While struggling for-profit institutions are scaling back their online programs, public and private nonprofit colleges and universities are adding online courses and master’s degree programs, mainly in business, health care and technology. But the years of explosive growth are over.
Online enrollments at public and nonprofit colleges are not experiencing gains of as much as 30 percent per academic year as they had been for years because the market is maturing and there are many more competitors, ed-tech experts and administrators say.
Based on the latest federal data, the number of online programs increased by 7 percent for all private nonprofit and public two- and four-year colleges in 2015 from the year before, according to Phil Hill of eLiterate and MindWires Consulting.
“That’s significant because over all [residential] enrollments are going down,” Hill said.
Since 2015, experts interviewed for this article say that the rate of online enrollment growth has continued to slow, and Richard Garrett, chief research officer at Eduventures, said he believes online course growth is about to plateau.
“Not everyone can win,” he said. “We will see a bit of a shakeout. Any school that has ambitious online goals that’s brand cache is not national is going to be caught off guard.”
Competition Heats Up
Despite overall growth, accelerated competition has forced some public and nonprofit institutions, especially the early adaptors that quickly ramped up online course and programs, to scale back or rethink their efforts. For example, Liberty University announced last week that it is reorganizing its online management staff and that some employees would lose their jobs. According to the latest federal IPEDS data available, Liberty is No. 2 in terms of total online enrollments and No. 1 in online enrollments among public/nonprofit institutions.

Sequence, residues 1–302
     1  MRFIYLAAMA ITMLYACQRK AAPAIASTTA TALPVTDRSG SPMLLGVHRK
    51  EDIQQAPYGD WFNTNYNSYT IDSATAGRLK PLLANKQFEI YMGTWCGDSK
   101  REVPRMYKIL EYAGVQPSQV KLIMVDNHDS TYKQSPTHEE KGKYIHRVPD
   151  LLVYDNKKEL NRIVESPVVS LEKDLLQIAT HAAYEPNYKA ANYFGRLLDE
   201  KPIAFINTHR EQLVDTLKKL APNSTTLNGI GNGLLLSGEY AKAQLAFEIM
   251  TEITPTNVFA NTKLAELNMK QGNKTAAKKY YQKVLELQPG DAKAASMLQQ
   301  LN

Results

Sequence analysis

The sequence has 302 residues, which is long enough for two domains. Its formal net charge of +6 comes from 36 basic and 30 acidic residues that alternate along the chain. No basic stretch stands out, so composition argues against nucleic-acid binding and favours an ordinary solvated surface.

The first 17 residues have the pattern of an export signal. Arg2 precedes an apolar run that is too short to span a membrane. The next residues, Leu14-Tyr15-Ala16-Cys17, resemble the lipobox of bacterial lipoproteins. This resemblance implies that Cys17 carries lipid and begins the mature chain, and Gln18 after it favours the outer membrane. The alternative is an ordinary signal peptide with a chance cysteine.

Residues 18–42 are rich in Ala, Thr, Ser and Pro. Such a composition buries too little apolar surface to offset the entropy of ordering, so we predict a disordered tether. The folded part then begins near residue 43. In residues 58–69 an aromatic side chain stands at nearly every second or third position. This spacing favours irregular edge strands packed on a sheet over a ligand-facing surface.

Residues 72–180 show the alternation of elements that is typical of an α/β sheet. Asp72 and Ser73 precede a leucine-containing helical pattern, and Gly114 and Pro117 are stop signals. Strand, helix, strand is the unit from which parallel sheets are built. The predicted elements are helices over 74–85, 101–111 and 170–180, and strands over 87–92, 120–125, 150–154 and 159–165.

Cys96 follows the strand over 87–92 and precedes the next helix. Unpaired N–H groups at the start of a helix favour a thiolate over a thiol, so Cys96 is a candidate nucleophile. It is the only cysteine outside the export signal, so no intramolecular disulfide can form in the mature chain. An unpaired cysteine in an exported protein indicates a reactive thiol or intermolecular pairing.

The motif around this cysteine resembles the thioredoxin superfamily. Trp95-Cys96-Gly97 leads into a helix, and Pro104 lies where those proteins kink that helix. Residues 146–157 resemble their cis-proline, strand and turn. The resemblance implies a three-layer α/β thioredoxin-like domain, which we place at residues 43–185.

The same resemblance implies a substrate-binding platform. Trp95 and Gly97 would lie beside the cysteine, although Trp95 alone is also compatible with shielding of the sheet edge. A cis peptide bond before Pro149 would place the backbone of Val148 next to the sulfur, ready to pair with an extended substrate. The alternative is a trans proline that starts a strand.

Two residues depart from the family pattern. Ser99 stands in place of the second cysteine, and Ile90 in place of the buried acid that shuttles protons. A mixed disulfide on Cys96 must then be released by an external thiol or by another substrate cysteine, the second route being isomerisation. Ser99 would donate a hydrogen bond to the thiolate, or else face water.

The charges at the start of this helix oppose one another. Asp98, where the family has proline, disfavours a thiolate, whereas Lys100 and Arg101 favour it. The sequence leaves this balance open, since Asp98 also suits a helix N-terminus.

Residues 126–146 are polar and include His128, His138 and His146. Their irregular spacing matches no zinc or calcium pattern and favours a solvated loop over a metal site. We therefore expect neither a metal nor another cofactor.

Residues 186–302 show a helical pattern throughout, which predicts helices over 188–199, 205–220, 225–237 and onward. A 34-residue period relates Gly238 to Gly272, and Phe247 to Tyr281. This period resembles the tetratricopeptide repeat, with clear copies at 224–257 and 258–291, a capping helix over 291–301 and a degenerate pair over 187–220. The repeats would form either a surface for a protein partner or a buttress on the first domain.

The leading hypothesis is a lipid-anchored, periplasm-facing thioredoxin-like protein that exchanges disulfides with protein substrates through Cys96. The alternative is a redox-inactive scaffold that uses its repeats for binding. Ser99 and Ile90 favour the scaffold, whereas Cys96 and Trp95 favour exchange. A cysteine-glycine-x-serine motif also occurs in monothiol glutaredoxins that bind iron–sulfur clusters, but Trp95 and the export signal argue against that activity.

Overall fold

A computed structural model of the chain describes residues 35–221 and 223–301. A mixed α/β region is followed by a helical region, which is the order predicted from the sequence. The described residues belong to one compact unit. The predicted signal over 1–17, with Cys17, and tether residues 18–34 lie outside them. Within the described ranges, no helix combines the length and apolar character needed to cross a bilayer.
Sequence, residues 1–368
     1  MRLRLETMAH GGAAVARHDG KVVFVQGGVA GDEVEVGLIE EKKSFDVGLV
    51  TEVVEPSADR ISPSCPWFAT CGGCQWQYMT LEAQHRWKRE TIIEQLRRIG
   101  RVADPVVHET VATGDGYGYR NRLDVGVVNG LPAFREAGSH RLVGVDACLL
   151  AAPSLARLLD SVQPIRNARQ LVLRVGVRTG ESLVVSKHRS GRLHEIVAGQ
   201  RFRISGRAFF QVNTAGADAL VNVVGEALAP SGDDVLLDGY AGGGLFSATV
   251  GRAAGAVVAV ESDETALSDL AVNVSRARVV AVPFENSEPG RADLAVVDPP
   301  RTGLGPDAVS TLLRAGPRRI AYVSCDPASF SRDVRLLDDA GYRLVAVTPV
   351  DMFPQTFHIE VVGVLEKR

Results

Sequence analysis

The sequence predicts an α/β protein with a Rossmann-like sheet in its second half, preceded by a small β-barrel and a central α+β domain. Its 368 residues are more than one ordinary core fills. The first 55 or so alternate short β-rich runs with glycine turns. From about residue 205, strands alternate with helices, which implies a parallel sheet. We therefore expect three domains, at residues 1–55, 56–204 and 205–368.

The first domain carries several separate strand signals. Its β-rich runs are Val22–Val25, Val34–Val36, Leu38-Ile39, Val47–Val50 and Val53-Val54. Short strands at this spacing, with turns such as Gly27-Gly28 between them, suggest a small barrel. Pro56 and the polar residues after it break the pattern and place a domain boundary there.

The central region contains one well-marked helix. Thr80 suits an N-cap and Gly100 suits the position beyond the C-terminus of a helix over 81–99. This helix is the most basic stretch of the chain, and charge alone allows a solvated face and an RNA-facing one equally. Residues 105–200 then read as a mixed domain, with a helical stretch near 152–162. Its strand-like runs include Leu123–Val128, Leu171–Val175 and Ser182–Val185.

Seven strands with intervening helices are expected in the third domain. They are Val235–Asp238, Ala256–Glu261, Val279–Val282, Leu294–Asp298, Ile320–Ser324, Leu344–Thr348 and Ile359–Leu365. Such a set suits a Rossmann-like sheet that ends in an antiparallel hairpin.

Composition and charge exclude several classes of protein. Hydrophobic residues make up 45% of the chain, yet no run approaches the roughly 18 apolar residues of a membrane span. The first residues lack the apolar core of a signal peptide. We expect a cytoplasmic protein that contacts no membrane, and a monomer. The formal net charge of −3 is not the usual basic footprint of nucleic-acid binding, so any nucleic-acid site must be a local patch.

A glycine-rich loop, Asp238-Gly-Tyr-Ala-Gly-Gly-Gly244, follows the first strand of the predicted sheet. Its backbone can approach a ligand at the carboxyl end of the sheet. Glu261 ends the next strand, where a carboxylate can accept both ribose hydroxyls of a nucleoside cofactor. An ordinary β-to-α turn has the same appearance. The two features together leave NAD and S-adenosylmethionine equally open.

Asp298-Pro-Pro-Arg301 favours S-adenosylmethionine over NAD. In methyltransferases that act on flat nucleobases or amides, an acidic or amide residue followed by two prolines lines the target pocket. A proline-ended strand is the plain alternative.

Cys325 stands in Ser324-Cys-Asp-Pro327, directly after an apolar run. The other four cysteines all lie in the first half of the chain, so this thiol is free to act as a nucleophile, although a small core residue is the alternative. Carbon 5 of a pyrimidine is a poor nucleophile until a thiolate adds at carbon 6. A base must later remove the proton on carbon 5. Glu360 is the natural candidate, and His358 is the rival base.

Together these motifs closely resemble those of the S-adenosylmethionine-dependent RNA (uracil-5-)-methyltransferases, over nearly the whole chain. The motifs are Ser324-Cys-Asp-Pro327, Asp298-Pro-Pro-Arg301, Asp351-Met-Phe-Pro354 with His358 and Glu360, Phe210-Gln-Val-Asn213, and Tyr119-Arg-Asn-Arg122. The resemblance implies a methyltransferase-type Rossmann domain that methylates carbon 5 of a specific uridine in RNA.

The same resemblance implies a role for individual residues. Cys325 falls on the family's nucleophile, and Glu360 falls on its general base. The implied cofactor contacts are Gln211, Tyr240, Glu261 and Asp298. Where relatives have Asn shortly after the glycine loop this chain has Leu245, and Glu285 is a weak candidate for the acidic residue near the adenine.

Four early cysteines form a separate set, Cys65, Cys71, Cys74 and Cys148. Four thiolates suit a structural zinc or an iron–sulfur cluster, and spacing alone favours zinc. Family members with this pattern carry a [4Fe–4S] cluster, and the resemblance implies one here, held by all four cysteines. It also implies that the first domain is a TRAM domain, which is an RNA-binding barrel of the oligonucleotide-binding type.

“As online education continues to evolve and become more competitive, we have to continually evaluate our strategies and position ourselves to be ready for the future by adjusting with changes in the marketplace,” Liberty said in a statement.
Liberty has 15,000 residential students and 94,000 online learners, down from its peak of 98,000.
“What I took from the Liberty news is that [they] are no longer one of the only ones in the market,” Hill said. “There is a lot of competition for online programs.”
Fierce competition for online learners has created a “mixed picture,” Garrett said. Baker College in Michigan and Indiana Wesleyan University, for example, have struggled to hold on to their share of online students because most every college offers some courses online, he said.
Smaller private nonprofits, which typically offer only a few online courses or degree programs, have benefited from declining enrollments at the retrenching for-profits -- but the rate at which they are acquiring the former for-profit students is beginning to slow, said Trace Urdan, who follows higher ed as managing director and senior analyst at Credit Suisse.
As for community colleges, Garrett said online enrollments are all over the board: some growing, some declining and some flat. “Their students need more face to face” because they are frequently not as academically prepared as learners enrolled in four-year programs, he said.